Conductor Gilbert fights 'Bolero effect' - in a car factory

Wed May 15, 2013 7:38am EDT
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By Michael Roddy

DRESDEN, Germany (Reuters) - A concert in a car factory using parts of a luxury sedan as percussion instruments is one thing, but a Volkswagen suspended above the New York Philharmonic creates another level of musical drama entirely.

The NYPO under its first native New York music director, Alan Gilbert, showed during two concerts this week at the Dresden Music Festival in central Germany why the 46-year-old conductor has a reputation for brushing off the cobwebs at one of America's most distinguished orchestras.

"Whatever you do, you have to do it with conviction and you actually have to believe in it," Gilbert told Reuters in an interview after a super-charged rehearsal of Finnish composer Magnus Lindberg's "Kraft".

The piece was performed in concert on Tuesday night inside Volkswagen's stunning glass-fronted assembly plant for its Phaeton sedan in a leafy area of the city.

Lindberg himself hammered away on assorted car parts, including coil springs, part of a spare wheel assembly and a cylinder used in the Phaeton's air suspension.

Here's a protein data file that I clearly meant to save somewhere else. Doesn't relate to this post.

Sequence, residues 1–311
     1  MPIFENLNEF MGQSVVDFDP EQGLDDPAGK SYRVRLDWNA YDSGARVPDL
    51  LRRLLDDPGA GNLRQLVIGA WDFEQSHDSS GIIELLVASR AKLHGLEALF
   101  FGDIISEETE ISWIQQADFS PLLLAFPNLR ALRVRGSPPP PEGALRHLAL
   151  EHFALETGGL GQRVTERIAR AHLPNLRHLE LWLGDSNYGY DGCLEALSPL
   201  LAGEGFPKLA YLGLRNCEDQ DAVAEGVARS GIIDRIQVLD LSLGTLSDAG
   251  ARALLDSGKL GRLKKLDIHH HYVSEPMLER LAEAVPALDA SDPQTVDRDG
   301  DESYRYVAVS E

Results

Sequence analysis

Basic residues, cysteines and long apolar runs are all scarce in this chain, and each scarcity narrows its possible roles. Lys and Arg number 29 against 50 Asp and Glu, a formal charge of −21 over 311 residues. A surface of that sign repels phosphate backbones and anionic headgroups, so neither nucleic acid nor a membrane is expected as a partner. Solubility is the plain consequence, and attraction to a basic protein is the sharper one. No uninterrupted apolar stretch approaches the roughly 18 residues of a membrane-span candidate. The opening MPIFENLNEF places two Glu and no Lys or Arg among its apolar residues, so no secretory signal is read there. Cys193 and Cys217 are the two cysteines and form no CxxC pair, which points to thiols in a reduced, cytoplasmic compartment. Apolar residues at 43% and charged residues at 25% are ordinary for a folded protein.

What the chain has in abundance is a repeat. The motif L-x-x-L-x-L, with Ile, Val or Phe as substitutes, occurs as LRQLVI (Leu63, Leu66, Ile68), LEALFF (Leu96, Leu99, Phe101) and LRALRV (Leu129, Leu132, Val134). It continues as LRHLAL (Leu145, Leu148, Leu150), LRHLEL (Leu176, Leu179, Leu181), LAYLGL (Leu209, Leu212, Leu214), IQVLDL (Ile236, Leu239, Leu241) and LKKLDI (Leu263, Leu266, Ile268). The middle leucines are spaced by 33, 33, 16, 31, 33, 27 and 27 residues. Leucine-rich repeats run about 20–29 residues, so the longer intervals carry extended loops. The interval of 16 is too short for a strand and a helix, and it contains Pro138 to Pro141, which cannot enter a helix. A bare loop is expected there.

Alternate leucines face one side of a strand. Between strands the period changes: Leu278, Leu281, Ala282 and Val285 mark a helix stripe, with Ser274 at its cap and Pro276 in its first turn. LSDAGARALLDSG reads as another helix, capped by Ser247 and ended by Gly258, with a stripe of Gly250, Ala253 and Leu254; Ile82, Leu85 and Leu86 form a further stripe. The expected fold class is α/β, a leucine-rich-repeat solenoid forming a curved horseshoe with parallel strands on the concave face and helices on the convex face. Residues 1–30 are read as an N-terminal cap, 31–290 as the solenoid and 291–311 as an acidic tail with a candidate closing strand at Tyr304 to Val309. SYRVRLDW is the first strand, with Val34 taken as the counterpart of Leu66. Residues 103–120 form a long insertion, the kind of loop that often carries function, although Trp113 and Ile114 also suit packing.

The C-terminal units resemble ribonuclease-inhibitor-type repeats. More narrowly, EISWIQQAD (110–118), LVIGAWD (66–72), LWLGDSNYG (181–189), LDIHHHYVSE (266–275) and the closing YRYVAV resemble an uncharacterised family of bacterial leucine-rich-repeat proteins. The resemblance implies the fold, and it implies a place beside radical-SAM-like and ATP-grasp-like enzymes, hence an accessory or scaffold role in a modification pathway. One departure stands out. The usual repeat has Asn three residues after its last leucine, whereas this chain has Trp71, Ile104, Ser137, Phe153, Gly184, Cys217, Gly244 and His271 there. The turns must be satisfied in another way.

The whole thing was made possible courtesy of the car company in what regional Volkswagen CEO Hans-Joachim Rothenpieler called a "special crazy idea".

New York Philharmonic horn, wind, percussion and string players were kept busy rotating to different places and levels in the performance area for a piece Lindberg said is a celebration of sound and space.

Gilbert's podium was backed by part of a front grill assembly for the Phaeton, while an unfinished 500 kg car body lit from the inside hung suspended over the orchestra.   Continued...

Alan Gilbert (L), chief conductor of the New York Philharmonic, and Finnish composer and pianist Magnus Lindberg acknowledge the final applause of the audience after the performance of the composition 'Kraft' (Power), inside the Glaeserne Manufaktur (transparent factory) where Germany's car maker Volkswagen AG assemble the luxury model Phaeton, in Dresden May 14, 2013. REUTERS/Fabrizio Bensch